Texas Autism Academy addresses and corrects behavior and social challenges through applied behavior analysis. Many of the parents and students are familiar with these techniques from autism therapy; however, TAA integrates the applied behavior principals into the curriculum through a methodical, data-driven process. The ratio of 7 students to 2 teachers allows TAA to not only customize the speed and level of learning but also to address social and behavioral needs as they occur, allowing the children to focus on learning.

Additionally, TAA removes the pressure of standardized testing and creates a new IEP every nine weeks, for each student, utilizing the Texas Essential Knowledge and Skills (TEKS) to track progress. Students learn, advance and get back on track to reintegrate, ideally on grade level, into an inclusion environment. These kids who have become accustomed to exclusion are thriving with a peer group and friends who celebrate each other’s achievements, allowing these children the opportunity and the feeling, sometimes for the first time, of success.

Cindy Baylor, a TAA parent, has this to say about the school: “We were so thrilled to find TAA last year. We tried private school, but they lacked the resources; public school had the resources, but was too overwhelming for our son. TAA has been an incredible blessing for our family. I am a mental health professional, and I am amazed at how the TAA staff encourages our child and can handle any situation that may arise. TAA gave our son the confidence and social skills he needed to be comfortable and thrive with his peers. We started a PTO (parent teacher organization) this year to raise funds for the school. . . . Our goal is to make this amazing option accessible to more families.”

Results

Success looks different for each individual, and every child with autism is unique. However, every parent wants their child to reach their potential—academically and socially. The innovative program at TAA results in children mastering skills, overcoming obstacles and conquering fears. Parents primarily come to Texas Autism Academy to boost their child’s confidence and to bridge the gap, allowing reentry into a traditional school setting. However, parents ultimately find that what begins as a short-term solution is irreplaceable when they see the progress, both personally and academically, that their children have made in this unique learning environment.

“There is no judgment here. The kids are truly supportive of each other and celebrate all of their accomplishments together. When we started creating, planning, and preparing to open Texas Autism Academy, we recognized the importance of educating and developing the whole child with autism.  Our students are thriving academically and behaviorally, but what warms my heart the most is watching them develop lasting friendships,” says Cary Mollinedo, Director of Texas Autism Academy.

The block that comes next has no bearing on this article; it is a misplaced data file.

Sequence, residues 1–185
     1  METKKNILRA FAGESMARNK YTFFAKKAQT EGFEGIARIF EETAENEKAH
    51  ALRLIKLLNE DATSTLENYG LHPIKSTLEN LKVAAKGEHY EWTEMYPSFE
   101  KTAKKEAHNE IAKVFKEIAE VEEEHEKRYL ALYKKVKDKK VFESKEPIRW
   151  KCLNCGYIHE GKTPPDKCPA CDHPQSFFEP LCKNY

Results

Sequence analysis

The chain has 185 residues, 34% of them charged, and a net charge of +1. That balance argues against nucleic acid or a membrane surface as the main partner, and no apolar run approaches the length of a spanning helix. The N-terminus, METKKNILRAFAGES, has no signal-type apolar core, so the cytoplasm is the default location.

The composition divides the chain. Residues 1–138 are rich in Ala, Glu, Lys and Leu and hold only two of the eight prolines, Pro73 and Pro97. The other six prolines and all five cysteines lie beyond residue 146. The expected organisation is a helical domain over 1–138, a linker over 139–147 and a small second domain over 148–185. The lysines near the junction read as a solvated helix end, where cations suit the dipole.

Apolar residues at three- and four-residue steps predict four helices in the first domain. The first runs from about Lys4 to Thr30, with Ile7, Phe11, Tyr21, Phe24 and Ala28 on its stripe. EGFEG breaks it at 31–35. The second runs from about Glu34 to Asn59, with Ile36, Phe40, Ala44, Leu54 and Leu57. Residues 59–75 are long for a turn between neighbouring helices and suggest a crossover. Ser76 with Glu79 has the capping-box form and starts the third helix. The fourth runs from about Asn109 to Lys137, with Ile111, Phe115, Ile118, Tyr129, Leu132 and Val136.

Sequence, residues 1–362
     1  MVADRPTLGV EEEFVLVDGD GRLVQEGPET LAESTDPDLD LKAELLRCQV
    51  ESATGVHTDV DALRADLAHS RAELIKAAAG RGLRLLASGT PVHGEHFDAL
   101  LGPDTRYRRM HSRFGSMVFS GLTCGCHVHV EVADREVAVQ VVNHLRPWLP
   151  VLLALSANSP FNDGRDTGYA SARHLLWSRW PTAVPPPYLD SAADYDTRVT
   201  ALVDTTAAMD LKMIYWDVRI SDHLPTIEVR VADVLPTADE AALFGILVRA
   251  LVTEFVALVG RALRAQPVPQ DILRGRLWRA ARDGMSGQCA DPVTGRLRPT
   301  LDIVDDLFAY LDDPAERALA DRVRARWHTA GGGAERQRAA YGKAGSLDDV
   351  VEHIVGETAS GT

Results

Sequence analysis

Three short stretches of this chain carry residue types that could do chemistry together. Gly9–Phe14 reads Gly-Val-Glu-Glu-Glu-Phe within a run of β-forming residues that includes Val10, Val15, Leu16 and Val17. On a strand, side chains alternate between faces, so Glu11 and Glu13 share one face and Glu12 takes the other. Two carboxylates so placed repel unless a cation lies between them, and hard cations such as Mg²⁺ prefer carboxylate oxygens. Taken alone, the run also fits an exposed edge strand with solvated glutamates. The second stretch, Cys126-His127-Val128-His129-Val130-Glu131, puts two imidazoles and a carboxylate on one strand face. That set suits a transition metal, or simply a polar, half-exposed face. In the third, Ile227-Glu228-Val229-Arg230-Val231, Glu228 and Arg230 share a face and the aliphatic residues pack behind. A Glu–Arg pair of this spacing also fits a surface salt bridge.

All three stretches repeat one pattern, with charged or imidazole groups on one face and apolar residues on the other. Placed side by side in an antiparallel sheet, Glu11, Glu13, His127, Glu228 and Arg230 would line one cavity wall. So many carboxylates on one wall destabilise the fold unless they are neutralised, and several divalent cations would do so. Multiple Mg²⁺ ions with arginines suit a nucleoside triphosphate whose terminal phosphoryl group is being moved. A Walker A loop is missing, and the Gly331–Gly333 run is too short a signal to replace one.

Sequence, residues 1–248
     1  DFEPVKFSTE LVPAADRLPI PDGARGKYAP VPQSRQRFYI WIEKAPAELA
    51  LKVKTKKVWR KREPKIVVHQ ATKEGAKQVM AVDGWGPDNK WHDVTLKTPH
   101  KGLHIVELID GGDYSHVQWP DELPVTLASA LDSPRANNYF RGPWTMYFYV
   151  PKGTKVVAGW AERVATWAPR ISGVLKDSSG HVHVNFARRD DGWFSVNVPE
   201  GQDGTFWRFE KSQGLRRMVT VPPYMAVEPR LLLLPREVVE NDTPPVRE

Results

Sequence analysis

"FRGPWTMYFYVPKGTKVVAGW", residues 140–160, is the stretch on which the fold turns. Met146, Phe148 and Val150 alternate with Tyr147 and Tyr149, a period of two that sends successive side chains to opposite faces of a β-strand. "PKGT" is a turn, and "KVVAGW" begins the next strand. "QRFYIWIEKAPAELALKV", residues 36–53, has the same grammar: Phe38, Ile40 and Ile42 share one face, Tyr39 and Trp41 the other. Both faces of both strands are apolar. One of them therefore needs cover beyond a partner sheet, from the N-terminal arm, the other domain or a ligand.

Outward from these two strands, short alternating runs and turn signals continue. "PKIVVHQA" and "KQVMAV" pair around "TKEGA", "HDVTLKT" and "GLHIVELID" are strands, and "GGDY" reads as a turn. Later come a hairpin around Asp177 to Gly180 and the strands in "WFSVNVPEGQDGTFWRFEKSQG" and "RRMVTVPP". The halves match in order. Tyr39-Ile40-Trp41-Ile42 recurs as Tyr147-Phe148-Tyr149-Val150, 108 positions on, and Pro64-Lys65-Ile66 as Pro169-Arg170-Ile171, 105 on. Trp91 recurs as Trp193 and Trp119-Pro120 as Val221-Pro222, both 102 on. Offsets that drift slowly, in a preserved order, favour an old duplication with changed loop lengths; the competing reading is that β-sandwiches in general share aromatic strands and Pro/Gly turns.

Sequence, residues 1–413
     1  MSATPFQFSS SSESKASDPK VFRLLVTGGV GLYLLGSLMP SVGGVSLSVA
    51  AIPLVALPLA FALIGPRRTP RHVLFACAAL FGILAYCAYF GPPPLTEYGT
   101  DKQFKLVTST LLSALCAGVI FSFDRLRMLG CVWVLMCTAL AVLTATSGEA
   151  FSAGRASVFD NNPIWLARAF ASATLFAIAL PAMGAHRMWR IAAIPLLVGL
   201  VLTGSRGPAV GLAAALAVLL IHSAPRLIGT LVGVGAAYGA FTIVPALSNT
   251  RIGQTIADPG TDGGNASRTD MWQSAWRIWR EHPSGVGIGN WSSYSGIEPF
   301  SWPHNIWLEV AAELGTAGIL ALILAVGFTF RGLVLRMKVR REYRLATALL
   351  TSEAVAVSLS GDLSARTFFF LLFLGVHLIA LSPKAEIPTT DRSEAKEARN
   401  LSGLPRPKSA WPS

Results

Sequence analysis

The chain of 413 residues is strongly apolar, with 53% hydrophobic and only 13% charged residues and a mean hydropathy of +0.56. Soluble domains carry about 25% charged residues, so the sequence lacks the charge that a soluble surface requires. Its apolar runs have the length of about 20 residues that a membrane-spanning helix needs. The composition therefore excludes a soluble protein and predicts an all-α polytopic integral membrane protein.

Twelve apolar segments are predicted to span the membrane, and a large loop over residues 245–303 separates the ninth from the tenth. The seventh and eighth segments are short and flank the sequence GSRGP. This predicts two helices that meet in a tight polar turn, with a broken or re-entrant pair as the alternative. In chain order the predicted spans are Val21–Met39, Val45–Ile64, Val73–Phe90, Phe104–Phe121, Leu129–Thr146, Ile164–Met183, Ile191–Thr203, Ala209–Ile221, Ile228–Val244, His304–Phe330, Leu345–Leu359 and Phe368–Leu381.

To learn more about how you can help volunteer, donate or collaborate with TAA please, go to texasautismacademy.org or call 281-771-5348.

Boots and Bling 2018

Photography by Pinky Promise Photography

Nearly 300 guests gathered in festive western attire and bling to raise funds for The Woodlands Methodist School on November 2 at The Woodlands Country Club Palmer Course. Led by their fundraising committee and chairs, Sarah Przybyla, Ali May and Stacei Bible, the Parent Enrichment Organization (PEO) spent countless hours to ensure a memorable evening for all. Tables were adorned with natural wood and white hydrangeas, and lanterns on the fireplace illuminated the room.

Dr. Ann K. Snyder, Head of School, welcomed guests to the annual fundraiser. Parent Kerri Bigler led the prayer, after which guests enjoyed a delicious, sit-down dinner before two-stepping the night away under the stars to the live band, Willow Creek Junction.

The evening included a silent and live auction featuring items like a luxury ocean-view villa in Costa Rica, a Louis Vuitton signature handbag, Principal for the Day and unique canvas paintings from each class. There was also a wine pull, jewelry pull, mystery box and even a golden ticket opportunity.

Funds raised help further The Woodlands Methodist School’s mission to provide a joyful, Christian education through which children develop a lifelong love of learning, pursue excellence and positively impact the world. With the generous support of those who attended, The Woodlands Methodist will be able to purchase vans for their traveling athletics, make playground improvements and much more.

The Boots & Bling event was made possible through the generous sponsorship provided by AGAPE Physicians/CHI St. Luke’s Health (The Bigler Family) and Wright Business Technologies (The Wright Family), as well as the many other sponsors and underwriters of the evening.

Holiday Gift Guide 2018

We are so excited to announce with The Book The Woodlands Volume 3 our new 2018 Holiday Gift Guide!  It includes a wide array of options from local retailers right here in The Woodlands. Check out unique gift ideas in the Holiday Gift Guide in the current issue of The Book The Woodlands, and don’t forget to check out the Junior League Holiday Market next weekend for more Holiday finds!

1 2 3 4 5